I grew up a Air Force Brat so I knew this would be interesting. While I know the kid point of view of military life by reading this I kinda got to see what my mom’s life was like as a military wife. Army Wife  is a memoir that all readers would enjoy you don’t have to be from a military background.  If you have ever been curious about or know some one in the military you might really find this one interesting. Some of the aspects of course were very different since we were Air Force. Also some military families live a very different life since the pay is low for enlistees many wives have to work also or just want to work to get out there and meet people since your constantly moving and making new friends. I wish my one Army Wife friend still lived just a few doors down I would have loved to have gotten her thoughts and opinions on this book before I posted the review.

On a side note: I was suppose to receive The Sportscaster’s Daughter by Cindi Michael  but I just got an empty envelope so no review of this book. 

Millions of people watched sportscaster George Michael each week on the Sports Machine, including his daughter Cindi. Cindi Michael appears to live a charmed life: she’s happily married, has a successful career, and is a loving mom to two wonderful children. Yet she longs for a father who hasn’t spoken to her in twenty years, and even secretly watches him on TV when the longing becomes unbearable.
 thank you BookSpark The Magic of a Memoir, Vicky Cody and She Writes Press for allowing me to read this book. All thoughts and opinions are my own and not influenced by the free book. 

Appetite

by Sheila Grinell

Appetite is Sheila Grinell’s debut novel and it was a really great entry into the fiction field. First off I have to say I loved all the Indian Mehndi designs in the corner of each beginning chapter, it made me want to grab my colored pencils and markers and start coloring. It was a wonderful little surprise to see the designs they were all so beautiful and really added to the book. Now on to Appetite story line, I will say I went thinking it sounds OK. However this book grabbed me with in the first few pages and kept me reading. She does a great job at giving the character’s full dimension and explains their personalities. I will say right off the bat I can’t stand Jenn’s parents Paul and Maggie. Oh my stars they are so stuck up and selfish. They are rude and can’t see that their daughter is so happy with Arun. They won’t give him even a chance to see who he really is, they have already formed their opinions and nothing is going to change that. They really have no right to pass judgement considering how they live. However they written very realistic and while they made me so mad through out the book. I was just ready for them to drop their walls and really get to know Jenn and Arun for who they were. The family had there issues but I know in the end the parents thought they were doing what was right for their daughter even if it wasn’t their decision to make. Jenn was a spunky girl who has found her own path in life and its a humanitarian path. What she doesn’t make in money she makes up for in the fact that she knows she is making an impact and helping people who need her. Arun is the head of the place where Jenn works and their’s was a workplace love and that they both wanted the same things for the families they were helping. This book is almost like a year in the life and I loved all the glimpse’s I got to see. Every family has it’s problems and dysfunction so this one was no different. In the end I think they all found their own happiness and followed their own path. I really hope the author Sheila Grinell writes more her book was good and very easy to read.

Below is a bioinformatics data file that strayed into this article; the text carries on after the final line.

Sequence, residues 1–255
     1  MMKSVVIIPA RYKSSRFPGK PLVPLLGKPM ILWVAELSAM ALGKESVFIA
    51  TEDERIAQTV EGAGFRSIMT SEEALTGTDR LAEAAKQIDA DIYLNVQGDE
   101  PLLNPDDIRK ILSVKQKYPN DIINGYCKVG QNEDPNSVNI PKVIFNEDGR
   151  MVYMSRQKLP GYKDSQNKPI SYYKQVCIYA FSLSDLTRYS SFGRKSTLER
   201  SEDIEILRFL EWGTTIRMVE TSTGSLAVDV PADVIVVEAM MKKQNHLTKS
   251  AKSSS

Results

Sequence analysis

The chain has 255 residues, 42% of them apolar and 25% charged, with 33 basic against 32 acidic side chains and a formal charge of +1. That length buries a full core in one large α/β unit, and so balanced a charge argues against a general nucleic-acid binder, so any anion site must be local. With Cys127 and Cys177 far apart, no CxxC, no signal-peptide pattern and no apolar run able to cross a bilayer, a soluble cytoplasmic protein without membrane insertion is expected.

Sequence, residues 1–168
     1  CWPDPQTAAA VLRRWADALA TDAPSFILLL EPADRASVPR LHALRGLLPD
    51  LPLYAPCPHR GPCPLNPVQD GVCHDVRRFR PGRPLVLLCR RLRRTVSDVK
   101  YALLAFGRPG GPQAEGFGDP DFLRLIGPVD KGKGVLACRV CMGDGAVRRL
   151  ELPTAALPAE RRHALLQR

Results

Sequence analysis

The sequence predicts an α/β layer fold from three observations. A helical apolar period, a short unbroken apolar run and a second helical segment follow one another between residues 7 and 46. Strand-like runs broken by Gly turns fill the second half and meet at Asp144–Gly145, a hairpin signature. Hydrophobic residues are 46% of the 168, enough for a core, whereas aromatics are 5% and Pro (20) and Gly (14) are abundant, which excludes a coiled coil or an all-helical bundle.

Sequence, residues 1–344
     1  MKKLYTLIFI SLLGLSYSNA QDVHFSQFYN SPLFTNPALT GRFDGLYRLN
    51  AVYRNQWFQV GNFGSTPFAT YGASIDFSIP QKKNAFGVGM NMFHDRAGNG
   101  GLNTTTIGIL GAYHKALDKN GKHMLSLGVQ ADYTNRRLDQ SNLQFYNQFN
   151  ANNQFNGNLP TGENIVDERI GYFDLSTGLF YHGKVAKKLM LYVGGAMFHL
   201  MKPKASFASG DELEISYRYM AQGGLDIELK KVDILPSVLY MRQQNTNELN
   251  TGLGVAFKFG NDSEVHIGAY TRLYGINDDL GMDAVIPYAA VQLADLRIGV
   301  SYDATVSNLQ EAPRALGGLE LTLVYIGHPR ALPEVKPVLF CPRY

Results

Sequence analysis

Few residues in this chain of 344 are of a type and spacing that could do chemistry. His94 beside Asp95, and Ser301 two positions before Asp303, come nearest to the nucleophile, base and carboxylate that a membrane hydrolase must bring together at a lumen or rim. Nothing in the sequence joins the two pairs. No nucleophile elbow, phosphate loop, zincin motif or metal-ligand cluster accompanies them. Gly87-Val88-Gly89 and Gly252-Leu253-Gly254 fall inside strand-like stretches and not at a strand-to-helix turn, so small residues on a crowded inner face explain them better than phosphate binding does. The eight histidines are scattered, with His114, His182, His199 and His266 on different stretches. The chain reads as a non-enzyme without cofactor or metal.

summary: When Jenn Adler returns from a year in India, she has a surprise for her parents: a young guru from Bangalore whom she intends to marry. Her father, Paul, is wary of this “beggar” Jenn has brought home—who, he suspects, is conning his much-loved daughter—while her mother, Maggie, is frightened that this alien stranger will steal away her only child, her focus in life.

In the months leading up to the backyard wedding, Maggie is forced to reevaluate her virtues as she casts about for support, and Paul faces an unexpected threat at work—one that Maggie could help him meet, if he would only ask. But even with these distractions, the two parents are focused on one primary question: Can they convince their daughter she is making a terrible mistake before the wedding takes place?

thank you BookSparks Summer Reading Challenge, She Writes Press and Sheila Grinell for allowing me to read and review Appetite. All thoughts and opinions are my own and not influenced by the free book.